!!! Duration 1697 mismatch
tx1698=16465 rx1698=18300 diff=-1835 pass=False
!!! Duration 1698 mismatch
...

6v6gt:
Serial.print is not particularly fast and your attempts to debug may themselves cause the problem.
What is this IR protocol? Can you give the timings for a mark and a space, carrier frequency etc. ?

Forgot to mention what I tried is to copy the variables that are modified inside ISR. There is a ring buffer in the program and for each execution of loop(), it will check whether one duration is received and it will put it in the ring buffer. Then checks if there are any unsent data in the ring buffer and send them to the serial port. For reference here is the full code:

#define IR_IN 2 // Infrared receiver pin (Physical pin, not interrupt ID)
#define BUFFER_SIZE 512 // Internal ring buffer size, will be cycled through so no need to set too large unless you experienced buffer overflow.
#define FINISH_THERSHOLD 32768UL    // Time to wait before timing out

// Ring buffer
const unsigned char intId = digitalPinToInterrupt(IR_IN);
unsigned int ringBuffer[BUFFER_SIZE];
unsigned int *readPtr = ringBuffer, *writePtr = ringBuffer;
unsigned char cycled = 0, lose = 0;

volatile unsigned long lastTimestamp = 0, nowTimestamp = 0, lastTimespan = 0;
unsigned long lastTimestampCopy = 0, nowTimestampCopy = 0, lastTimespanCopy = 0;
unsigned int bufferReadTmp;
unsigned char sendBuf[3];
unsigned char flag = 1; // For the plus or minus sign before time value

void RingBufferWrite(unsigned int n)
{
    if(cycled && writePtr >= readPtr)
        lose = 1;
    *writePtr++ = n;
    if(writePtr - ringBuffer >= BUFFER_SIZE)
    {
         cycled = 1;
        writePtr = ringBuffer;
    }
}

unsigned int RingBufferRead()
{
    if(readPtr == writePtr && !cycled)
        return 65535;
    unsigned int val = *readPtr++;
    if(readPtr - ringBuffer >= BUFFER_SIZE)
    {
        cycled = 0;
        readPtr = ringBuffer;
    }
    return val;
}

void ExtIsr()
{
    nowTimestamp = micros();
    if(lastTimestamp)
        lastTimespan = nowTimestamp - lastTimestamp;
    lastTimestamp = nowTimestamp;
}

void AttachIsr()
{
    attachInterrupt(intId, ExtIsr, CHANGE);
}

void DetachIsr()
{
    detachInterrupt(intId);
}

void setup()
{
    Serial.begin(230400);
    pinMode(IR_IN, INPUT);
    AttachIsr();
}

void loop()
{
    // Detach ISR temporarily to prevent variable change during executing
    DetachIsr();
    lastTimestampCopy = lastTimestamp;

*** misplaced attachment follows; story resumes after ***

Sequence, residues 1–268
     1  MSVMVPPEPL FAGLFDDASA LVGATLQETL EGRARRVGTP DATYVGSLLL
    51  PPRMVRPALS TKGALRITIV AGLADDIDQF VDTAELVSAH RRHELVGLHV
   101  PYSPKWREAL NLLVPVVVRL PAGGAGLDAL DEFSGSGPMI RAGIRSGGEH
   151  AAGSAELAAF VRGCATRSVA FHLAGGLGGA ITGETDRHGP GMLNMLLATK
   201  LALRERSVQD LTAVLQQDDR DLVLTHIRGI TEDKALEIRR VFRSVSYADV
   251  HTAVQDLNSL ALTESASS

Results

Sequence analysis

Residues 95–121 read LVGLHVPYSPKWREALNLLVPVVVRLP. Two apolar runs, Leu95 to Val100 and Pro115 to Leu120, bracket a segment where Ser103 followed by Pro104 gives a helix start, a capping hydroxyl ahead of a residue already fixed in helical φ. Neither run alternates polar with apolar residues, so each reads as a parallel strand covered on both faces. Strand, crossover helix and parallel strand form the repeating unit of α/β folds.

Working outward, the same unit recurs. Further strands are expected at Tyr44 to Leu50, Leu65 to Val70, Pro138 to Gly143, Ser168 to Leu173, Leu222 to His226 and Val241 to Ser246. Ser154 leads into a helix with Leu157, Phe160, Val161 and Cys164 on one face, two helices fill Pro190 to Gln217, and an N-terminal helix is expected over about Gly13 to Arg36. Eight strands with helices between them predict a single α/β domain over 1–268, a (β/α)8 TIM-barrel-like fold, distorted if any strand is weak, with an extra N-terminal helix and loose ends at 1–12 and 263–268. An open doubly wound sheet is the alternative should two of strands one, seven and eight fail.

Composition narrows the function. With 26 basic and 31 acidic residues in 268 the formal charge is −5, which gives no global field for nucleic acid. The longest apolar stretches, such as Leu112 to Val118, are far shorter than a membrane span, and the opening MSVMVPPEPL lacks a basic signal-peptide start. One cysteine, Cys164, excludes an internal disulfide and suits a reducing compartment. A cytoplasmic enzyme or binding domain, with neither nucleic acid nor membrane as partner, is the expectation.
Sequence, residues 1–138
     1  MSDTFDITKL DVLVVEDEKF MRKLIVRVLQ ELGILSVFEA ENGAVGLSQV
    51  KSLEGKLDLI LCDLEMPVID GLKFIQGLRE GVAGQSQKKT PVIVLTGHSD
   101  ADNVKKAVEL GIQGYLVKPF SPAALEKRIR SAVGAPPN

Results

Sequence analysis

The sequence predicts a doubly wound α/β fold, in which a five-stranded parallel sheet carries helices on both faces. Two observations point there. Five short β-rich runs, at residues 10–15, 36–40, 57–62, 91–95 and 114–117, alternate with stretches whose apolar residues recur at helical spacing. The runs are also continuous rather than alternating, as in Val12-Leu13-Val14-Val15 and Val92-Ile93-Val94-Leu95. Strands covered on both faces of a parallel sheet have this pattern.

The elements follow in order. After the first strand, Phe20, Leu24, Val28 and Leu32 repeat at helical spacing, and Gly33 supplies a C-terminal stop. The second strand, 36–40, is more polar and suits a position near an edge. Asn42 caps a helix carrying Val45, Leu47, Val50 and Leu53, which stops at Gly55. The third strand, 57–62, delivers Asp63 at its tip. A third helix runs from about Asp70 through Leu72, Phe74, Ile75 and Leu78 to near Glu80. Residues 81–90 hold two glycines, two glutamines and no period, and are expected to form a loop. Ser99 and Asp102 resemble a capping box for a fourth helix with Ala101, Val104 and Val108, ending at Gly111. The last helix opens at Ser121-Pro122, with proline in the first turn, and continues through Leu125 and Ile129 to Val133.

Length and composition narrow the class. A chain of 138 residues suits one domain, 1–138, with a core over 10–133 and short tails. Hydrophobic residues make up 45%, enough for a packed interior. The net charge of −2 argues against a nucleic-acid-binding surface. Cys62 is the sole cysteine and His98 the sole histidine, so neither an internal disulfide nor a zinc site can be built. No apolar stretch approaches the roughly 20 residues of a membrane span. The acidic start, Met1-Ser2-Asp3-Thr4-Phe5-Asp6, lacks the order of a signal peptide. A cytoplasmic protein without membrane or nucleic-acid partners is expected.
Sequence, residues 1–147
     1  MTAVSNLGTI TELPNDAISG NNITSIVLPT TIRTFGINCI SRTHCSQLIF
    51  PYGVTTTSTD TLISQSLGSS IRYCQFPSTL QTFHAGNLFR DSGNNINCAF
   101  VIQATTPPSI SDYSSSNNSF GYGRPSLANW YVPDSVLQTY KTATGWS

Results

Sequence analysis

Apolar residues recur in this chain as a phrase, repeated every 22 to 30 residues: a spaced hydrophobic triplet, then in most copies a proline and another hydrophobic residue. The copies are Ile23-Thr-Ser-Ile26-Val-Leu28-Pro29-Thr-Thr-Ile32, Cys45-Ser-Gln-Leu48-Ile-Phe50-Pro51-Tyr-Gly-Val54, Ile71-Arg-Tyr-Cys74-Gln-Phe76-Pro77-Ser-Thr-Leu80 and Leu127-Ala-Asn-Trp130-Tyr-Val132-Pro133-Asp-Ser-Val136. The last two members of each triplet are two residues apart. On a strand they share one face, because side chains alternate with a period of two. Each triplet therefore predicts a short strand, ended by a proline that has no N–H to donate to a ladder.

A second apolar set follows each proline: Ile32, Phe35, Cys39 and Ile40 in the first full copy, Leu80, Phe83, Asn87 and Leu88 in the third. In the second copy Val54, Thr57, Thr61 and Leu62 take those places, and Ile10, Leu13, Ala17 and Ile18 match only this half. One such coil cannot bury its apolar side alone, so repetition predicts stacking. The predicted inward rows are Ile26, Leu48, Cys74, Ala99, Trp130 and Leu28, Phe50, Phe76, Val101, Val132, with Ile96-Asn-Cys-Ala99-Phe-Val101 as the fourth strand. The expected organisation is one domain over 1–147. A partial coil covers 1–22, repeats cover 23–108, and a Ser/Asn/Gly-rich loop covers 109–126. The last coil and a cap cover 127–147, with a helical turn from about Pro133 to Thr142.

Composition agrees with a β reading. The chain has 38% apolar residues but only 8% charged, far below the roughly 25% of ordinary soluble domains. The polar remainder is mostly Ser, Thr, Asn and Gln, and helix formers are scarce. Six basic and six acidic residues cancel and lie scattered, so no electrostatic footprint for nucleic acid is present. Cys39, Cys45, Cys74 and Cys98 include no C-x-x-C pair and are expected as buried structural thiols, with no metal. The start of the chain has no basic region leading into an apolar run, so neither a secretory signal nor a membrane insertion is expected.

nowTimestampCopy = micros();
    lastTimespanCopy = lastTimespan;
    lastTimespan = 0;
    AttachIsr();
    
    // Test for timeout (one packet is finished)
    if(lastTimestampCopy != 0 && (nowTimestampCopy > lastTimestampCopy) && (nowTimestampCopy - lastTimestampCopy) > FINISH_THERSHOLD)
    {
        lastTimestamp = 0;
        Serial.print(flag ? "+" : "-");
        Serial.println("32767"); // Some interpreter (e.g. irdb.tk) require a dummy end sign to parse correctly
        flag = 1;
    }
    
    // Save the last captured timespan
    if(lastTimespanCopy)
    {
        RingBufferWrite(lastTimespanCopy);
        lastTimespanCopy = 0;
    }

    // Read from ring buffer and send to serial port
    bufferReadTmp = RingBufferRead();
    if(bufferReadTmp != 0xFFFF)
    {
        Serial.print(flag ? "+" : "-");
        Serial.print(bufferReadTmp, DEC);
        Serial.print(" ");
        flag = !flag;
    }

    // Detect for ring buffer overflow
    if(lose)
    {
        Serial.println("!!! Ring buffer overrun, this packet is invalid !!!");
        lose = 0;
    }
}

After some investigation, it seems like it's because of hardware issue (like interference) that make the program think it's a new duration, as the compare result showed below, [R1694]11164 + [R1695]5704 = 16868 ≈ [T1694]16862, and [R1696]13660 ≈ [T1695]13649. I am still waiting for the air conditioner remote control that I am going to hack to be delivered, when it arrives I will test the code using a real infrared receiver.

tx1693=9601 rx1693=9608 diff=-7 pass=True
tx1694=16862 rx1694=11164 diff=5698 pass=False
!!! Duration 1694 mismatch
tx1695=13649 rx1695=5704 diff=7945 pass=False
!!! Duration 1695 mismatch
tx1696=3874 rx1696=13660 diff=-9786 pass=False
!!! Duration 1696 mismatch